Transvaginal (TVS) ultrasonography is playing a larger role in the diagnostic process of fallopian tube cancer, particularly where a pelvis mass has been detected and CA 125 levels are raised. The woman lies on a table with her knees bent and feet held in stirrups. A probe called a transducer is inserted into the vagina. The probe will be covered with a condom and gel for ease of passage. It sends out sound waves which a computer picks up and converts into images of the internal pelvic structures. It can be useful for determining the presence of lumps and for differentiating between solid masses and fluid filled cysts such as ovarian cysts. If a solid mass is discovered this still does mean a clinical diagnosis is possible. A biopsy is still necessary but the results of the TVS will help guide a surgeon to the correct area to biopsy.

Other Scans

X-rays, CT scan and MRI scan may be used to help confirm the presence of a tumor after TVS. If the results show any abnormalities the doctor may recommend exploratory surgery to allow surgeons to physically see inside the pelvis area. This type of surgery is called laparoscopy.


A laparotomy is usually carried out under general anesthesia. The surgeon makes a small incision just below the bellybutton and inserts a thin lighted tube called a laparoscope through the incision. He directs it towards the ovaries and fallopian tubes. Small cutting tools can be attached to the laparoscope to allow the surgeon to take a biopsy of any suspicious looking tissue. This will be sent to a lab for testing by a pathologist. A sample (washing) of abdominal fluid may also be extracted for investigating.

The pathologist will be able to conclusively diagnose cancer once he has examined the biopsied samples. Once cancer has been confirmed, he will need to carry out fallopian tube cancer staging. This process will determine the extent and stage of cancer which is essential for both designing the optimal treatment plan and estimating the patient's prognosis (that is their fallopian tube cancer survival rate). If cancer is found near or on the ovaries it may be difficult to determine where it started - whether it is in fact ovarian cancer, or fallopian tube cancer. This is an important call the pathologist has to make because it can affect prognosis. For primary fallopian tube cancer to exist, the ovaries should be either unaffected or have a tumor smaller than those found in the fallopian tubes. As the disease is so rare case studies are limited - but those studies do indicate that most women with this cancer are diagnosed in the early stages.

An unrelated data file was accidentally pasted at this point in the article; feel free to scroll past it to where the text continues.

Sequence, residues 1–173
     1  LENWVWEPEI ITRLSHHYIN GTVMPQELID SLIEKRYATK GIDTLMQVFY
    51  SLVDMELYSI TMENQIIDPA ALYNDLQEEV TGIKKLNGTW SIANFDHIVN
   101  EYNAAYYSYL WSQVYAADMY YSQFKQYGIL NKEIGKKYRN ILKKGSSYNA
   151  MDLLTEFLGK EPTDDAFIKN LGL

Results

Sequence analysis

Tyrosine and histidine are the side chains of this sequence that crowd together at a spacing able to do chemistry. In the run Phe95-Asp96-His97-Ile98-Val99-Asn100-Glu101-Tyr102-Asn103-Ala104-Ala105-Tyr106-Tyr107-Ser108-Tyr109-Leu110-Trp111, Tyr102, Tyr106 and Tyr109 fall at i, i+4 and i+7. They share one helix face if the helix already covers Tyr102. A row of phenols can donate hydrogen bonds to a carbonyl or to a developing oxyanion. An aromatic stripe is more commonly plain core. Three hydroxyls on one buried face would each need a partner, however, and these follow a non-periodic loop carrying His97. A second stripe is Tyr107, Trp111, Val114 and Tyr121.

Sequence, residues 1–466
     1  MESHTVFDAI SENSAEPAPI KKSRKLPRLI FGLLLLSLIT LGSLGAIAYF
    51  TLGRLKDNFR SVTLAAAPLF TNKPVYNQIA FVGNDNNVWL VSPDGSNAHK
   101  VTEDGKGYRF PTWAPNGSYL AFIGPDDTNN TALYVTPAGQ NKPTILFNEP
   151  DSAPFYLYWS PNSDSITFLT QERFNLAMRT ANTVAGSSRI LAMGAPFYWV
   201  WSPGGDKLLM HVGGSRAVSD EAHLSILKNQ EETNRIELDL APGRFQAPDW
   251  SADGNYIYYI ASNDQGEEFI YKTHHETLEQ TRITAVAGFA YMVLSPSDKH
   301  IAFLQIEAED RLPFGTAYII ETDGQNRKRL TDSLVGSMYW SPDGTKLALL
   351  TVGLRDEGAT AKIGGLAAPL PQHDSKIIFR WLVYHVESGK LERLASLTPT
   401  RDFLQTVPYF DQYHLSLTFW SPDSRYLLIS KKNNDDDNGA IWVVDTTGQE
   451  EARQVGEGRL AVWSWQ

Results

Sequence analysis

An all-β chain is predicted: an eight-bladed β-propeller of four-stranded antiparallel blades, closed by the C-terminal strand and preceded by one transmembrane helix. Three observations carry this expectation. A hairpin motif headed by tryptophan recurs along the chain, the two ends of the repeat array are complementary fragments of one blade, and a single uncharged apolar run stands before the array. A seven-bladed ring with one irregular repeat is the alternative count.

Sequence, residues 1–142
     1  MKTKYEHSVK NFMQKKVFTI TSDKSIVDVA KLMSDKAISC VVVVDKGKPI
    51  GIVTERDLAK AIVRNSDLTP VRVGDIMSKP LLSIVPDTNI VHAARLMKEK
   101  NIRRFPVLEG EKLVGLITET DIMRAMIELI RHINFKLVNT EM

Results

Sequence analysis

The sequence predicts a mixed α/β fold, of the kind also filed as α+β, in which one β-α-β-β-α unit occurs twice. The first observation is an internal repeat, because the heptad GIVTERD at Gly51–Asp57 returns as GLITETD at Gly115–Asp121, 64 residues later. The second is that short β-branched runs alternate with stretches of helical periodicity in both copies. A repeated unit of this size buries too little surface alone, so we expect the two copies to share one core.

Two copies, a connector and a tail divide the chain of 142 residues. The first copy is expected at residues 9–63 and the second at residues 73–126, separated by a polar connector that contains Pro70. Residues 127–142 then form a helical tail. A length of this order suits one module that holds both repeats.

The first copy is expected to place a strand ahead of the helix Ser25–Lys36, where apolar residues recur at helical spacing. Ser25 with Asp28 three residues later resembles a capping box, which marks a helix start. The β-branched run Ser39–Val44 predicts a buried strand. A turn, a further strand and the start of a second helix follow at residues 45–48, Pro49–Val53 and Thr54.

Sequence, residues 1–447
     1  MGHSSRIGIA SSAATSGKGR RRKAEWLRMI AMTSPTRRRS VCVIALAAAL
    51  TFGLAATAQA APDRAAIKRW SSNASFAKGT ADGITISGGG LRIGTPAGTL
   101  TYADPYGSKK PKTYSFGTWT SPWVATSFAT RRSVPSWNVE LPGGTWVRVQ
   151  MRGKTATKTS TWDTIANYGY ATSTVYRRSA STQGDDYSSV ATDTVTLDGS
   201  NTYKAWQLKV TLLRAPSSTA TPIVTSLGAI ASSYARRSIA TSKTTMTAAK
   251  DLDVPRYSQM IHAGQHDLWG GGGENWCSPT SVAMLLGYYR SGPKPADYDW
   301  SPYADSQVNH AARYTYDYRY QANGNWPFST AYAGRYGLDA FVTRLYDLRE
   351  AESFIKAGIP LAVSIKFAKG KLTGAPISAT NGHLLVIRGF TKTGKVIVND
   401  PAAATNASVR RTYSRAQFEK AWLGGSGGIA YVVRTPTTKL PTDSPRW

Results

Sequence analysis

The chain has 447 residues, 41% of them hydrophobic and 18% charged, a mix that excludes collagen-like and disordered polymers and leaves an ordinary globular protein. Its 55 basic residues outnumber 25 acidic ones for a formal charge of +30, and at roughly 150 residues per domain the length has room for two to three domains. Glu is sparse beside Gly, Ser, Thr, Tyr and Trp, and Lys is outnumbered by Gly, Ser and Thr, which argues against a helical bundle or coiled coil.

Next see: Fallopian tube cancer treatment and also, read about fallopian tube cancer recurrence.

Did You Know?

You may have heard of the Greek Cancer Cure which consists of a blood test which can reportedly diagnose cancer and can be used as an intravenous therapy to cure the disease. The injections are believed to contain a serum with extracts of organic substances such as amino acids, sugars and vitamins. Practitioners of the Greek Cancer Cure claim that regular injections boost the patient's immune system so that it can attack tumors more effectively. There is currently no scientific evidence to support this theory - that it can be used either for detection, cure or cancer prevention. The first stage of treatment involves a blood test which is supposed to pinpoint the location and size of the tumor. The next stage involves daily injections with the special serum for between 6 and 30 days. Patients are advised to stop chemotherapy and radiation treatment for the duration of treatment as well as halt taking certain medications including aspirin therapy and laxative pills. The 'cure' was developed by Dr Alivizatos in Greece in the 1970s. The doctor lost his license several times for refusing to provide details of the serum to medical bodies for testing. It was subsequently tested by the University of Washington and revealed to only contain vitamin B3 (niacin) and water. Dr Alivizatos died in 1991 but his treatment is still marketed in certain parts of Europe as Cellbal or METBAL.

  Related Articles on Fallopian Tube Cancer

For more information, see the following:

Causes of fallopian tube cancer: STDs, endometriosis and more.
Thermography screening
Fallopian tube cancer prevention: reduce your risks.